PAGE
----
Bob George of Carpinteria with his trained search dog, Shadow.
Bob George of Carpinteria with his trained search dog, Shadow. Credit: National Disaster Search Dog Foundation photo

Shortly after a 7.8-magnitude earthquake struck Turkey and Syria on Feb. 6, a Carpinteria man and his dog started preparing to look for survivors.

Bob George, a captain with the Los Angeles County Fire Department, and Shadow, a specially trained search-and-rescue dog, have spent the past week and a half doing the difficult and heart-wrenching work of trying to find signs of life in the piles of debris left by the massive temblor and another 7.5-magnitude quake that hit hours after the first. 

“Shadow is great at finding live people under rubble,” George’s wife, Amanda, said from their Carpinteria home. “Shadow’s been training for five years for this, and he’s one of the best search-and-rescue dogs that the county has, that the country has.”

They are one of several dog-and-handler teams from the United States trying to help find trapped people. They are part of Los Angeles County Fire’s Urban Search and Rescue team deployed to Turkey through the coordination of the U.S. Agency for International Development (USAID) disaster response. The canines allow for rapid searches of collapsed structures.  

“Their sense of smell is 100,000 times more powerful than a human’s, making them a vital resource in identifying potential rescue opportunities,” according to the fire department.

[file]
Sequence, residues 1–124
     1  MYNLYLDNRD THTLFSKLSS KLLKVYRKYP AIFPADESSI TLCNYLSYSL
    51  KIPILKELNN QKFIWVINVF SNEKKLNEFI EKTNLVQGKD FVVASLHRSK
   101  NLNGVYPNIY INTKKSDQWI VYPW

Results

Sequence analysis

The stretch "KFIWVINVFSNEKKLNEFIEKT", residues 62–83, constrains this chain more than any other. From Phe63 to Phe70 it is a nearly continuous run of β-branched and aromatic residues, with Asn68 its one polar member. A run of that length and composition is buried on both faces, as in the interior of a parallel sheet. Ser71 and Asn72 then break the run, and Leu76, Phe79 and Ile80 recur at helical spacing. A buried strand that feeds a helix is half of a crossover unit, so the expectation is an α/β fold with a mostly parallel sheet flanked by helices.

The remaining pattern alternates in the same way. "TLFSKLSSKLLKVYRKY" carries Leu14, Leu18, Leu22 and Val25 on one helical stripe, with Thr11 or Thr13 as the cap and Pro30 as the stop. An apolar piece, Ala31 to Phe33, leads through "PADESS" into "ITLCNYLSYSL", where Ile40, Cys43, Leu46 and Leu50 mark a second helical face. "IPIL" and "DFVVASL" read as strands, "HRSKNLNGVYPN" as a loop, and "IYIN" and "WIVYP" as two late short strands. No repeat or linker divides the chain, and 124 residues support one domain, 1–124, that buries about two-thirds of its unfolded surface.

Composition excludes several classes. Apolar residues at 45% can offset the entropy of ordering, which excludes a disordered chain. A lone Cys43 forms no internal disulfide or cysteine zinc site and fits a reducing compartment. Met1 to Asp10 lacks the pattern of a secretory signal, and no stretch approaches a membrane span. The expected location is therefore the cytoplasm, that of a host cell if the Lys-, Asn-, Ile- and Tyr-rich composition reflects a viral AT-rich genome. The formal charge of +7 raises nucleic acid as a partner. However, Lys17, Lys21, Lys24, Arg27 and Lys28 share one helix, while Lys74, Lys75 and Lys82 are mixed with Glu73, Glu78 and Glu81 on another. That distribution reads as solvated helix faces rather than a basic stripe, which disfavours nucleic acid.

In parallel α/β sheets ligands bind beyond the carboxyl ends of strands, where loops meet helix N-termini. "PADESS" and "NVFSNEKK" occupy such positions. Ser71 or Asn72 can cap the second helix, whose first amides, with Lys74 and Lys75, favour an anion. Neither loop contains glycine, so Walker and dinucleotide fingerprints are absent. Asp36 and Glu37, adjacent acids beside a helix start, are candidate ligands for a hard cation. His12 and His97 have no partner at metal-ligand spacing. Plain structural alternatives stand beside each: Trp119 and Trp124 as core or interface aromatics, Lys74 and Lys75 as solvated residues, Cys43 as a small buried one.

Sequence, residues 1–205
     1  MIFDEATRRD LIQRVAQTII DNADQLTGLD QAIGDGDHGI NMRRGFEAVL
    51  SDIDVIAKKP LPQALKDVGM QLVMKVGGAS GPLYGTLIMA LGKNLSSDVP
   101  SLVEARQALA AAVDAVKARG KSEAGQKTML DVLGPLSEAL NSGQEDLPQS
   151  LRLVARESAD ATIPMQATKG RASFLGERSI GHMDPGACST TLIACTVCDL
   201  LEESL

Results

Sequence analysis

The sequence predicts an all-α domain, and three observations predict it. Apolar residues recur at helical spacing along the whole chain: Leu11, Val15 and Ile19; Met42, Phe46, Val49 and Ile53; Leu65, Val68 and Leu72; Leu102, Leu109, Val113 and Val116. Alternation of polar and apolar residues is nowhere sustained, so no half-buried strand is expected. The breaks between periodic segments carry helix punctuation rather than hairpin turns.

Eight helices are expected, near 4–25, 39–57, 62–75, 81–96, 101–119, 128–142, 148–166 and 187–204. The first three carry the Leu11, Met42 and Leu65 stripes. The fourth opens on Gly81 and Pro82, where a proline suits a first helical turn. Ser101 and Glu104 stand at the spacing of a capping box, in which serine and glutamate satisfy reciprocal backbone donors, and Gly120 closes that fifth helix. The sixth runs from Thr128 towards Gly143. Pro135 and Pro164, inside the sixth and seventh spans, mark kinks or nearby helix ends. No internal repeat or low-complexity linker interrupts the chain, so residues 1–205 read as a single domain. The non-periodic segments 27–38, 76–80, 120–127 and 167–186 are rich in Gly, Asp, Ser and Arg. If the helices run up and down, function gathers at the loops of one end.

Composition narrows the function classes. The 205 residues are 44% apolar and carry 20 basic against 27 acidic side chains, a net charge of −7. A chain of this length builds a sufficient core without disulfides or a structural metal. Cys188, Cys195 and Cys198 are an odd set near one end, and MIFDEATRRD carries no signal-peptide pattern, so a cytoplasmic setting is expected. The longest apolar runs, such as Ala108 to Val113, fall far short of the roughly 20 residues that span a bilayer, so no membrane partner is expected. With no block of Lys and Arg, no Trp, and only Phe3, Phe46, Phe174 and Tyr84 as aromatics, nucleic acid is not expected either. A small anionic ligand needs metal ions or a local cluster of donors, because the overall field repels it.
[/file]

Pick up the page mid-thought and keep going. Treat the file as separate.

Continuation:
A number of search dogs were instrumental in finding survivors and carrying out rescues.

Unfortunately, Shadow had not found anyone alive as of Sunday, and the death toll had surpassed 46,000 across Turkey and Syria. This team arrived a few days after the earthquake hit, so the chances of finding people alive at that point had decreased dramatically already. In fact, by Feb. 19, many of the rescue efforts were winding down.

Bob George and Shadow, fourth from left, and other National Search Dog Foundation teams get ready to leave for Turkey.
Bob George and Shadow, fourth from left, and other National Search Dog Foundation teams get ready to leave for Turkey. Credit: National Disaster Search Dog Foundation photo

However, Shadow’s role has been no less significant regardless of the outcome of a particular search. The canine is able to provide an answer to loved ones anxiously gathered where someone is buried or trapped, even if that answer isn’t the one for which they had hoped.

“It seems like what they’re really doing is providing closure for a lot of people,” Amanda George said. “My husband states that there are just family members standing around a pile of rubble and saying, ‘Come here, help, my family is under.’ And when Shadow goes out and can’t detect a live scent, it gives those people an opportunity to then start the mourning process and to know that, yes, their loved ones are deceased.”

Bob George has shared with his wife that despite the loss of life and amount of destruction in the city of Adiyaman, where he has been searching, the people have treated the search teams well and with gratitude. They attempted to share whatever they had with the teams despite having practically nothing left themselves.

Carpinteria man Bob-George and his trained search dog Shadow look for survivors in the rubble in Turkey after the devastating Feb. 6 earthquakes.
Bob George of Carpinteria and his trained search dog, Shadow, look for survivors in the rubble in Turkey after the devastating Feb. 6 earthquakes. Credit: National Disaster Search Dog Foundation photo